The design team included Samuel Hamner, Megan Kerins, Siobhan Nolan, and Scott Sadlon, a group of Stanford Engineering and Business grad students. After successfully conducting an on-the-ground feasibility study in September 2009, Sam and Scott are continuing as an independent design and strategy team with the goal of implementing the Pepper Eater in Ethiopia and other developing markets. Most recently, they have partnered with Compatible Technology International and have been featured in National Geographic Magazine to help them achieve their goal and gain exposure for the project.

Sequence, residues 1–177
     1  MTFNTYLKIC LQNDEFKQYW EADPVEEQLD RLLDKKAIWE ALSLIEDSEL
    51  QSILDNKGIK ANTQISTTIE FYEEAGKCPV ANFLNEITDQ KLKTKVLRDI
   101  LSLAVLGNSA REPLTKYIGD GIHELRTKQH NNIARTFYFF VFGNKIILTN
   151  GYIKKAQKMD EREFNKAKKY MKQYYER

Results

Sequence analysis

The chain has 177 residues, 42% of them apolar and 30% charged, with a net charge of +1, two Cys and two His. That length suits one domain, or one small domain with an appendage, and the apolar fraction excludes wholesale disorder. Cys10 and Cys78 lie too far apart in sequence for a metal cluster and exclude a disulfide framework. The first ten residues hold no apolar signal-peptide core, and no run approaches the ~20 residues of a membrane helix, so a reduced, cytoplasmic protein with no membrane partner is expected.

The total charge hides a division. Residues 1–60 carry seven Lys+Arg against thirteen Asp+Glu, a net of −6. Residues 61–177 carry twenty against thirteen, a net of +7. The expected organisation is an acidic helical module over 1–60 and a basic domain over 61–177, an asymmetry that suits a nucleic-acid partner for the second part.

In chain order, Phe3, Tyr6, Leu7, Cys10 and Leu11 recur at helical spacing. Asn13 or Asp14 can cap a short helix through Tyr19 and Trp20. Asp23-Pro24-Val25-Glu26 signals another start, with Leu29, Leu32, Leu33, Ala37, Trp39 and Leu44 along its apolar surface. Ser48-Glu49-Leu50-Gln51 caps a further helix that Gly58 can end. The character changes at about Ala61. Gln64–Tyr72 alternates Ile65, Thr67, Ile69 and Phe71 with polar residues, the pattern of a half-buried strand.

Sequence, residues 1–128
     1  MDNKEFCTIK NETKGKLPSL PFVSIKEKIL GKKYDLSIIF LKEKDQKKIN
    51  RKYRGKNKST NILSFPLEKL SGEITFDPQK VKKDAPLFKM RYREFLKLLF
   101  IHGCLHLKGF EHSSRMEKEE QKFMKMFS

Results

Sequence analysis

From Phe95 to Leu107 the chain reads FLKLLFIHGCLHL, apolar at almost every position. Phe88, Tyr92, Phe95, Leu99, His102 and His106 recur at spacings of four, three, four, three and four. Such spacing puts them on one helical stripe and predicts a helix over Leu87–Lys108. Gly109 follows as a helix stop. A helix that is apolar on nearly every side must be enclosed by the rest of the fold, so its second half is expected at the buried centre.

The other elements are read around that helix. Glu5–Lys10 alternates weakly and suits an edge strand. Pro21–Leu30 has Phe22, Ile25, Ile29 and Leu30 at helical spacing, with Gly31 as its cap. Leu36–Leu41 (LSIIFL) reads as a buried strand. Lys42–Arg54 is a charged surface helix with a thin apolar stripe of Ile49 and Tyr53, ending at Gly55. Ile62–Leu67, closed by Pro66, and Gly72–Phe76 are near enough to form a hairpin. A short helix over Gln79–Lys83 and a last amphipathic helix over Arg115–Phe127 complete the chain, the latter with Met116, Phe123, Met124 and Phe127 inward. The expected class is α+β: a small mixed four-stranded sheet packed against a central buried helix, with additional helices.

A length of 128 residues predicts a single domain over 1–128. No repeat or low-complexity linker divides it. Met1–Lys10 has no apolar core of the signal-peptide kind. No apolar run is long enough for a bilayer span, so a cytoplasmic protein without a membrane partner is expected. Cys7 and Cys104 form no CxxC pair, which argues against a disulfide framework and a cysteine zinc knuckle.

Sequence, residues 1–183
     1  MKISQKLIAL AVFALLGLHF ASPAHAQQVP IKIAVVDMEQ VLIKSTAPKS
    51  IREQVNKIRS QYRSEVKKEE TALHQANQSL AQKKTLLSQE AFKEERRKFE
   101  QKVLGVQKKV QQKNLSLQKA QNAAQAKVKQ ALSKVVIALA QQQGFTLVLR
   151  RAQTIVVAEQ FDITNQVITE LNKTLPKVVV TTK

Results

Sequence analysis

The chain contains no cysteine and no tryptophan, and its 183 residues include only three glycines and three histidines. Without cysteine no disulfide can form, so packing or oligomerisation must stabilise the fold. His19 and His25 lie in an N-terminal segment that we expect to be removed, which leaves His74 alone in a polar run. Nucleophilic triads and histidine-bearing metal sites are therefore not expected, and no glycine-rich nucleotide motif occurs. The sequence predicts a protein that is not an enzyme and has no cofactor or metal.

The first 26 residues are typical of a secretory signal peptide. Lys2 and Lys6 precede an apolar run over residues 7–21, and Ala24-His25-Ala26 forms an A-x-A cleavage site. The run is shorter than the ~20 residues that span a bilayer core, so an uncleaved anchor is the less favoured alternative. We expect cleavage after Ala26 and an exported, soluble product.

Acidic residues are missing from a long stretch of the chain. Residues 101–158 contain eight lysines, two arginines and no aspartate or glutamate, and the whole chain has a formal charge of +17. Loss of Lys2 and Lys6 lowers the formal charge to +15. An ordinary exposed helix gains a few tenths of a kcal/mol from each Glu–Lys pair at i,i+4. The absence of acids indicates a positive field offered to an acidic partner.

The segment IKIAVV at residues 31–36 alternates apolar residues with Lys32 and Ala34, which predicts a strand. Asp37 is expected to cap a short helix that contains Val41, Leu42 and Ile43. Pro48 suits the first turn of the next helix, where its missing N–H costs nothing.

Interested in learning more about the project, or donating? Visit: www.thepeppereater.org.

Sources & images for this article provided by:

www.thepeppereater.org

http://socialelab.org/?page_id=103


Altoids BBQ
Mini BBQ from Instructables

You don’t have to be a kid to appreciate something as cool as a BBQ grill made out of an Altoids container. The model pictured is just one of many DIY designs that have been featured all over the Web. This grill is made using an Altoids Sours tin,  some sheet metal screws, metal nuts, and a couple of computer fan guards. Once constructed, place a briquette on the lower rack and light it from the bottom.  (Other grills have been made using gas and rectangular Altoids tins, too.) The grill heats up quite a bit, and it really can cook mini hamburgers or a full-size hot dog cut into segments. It may not be completely practical, but it sure works as a conversation starter at your next BBQ!

Try your hand at making a mini BBQ grill – check out the Instructables website for an easy-to-follow tutorial.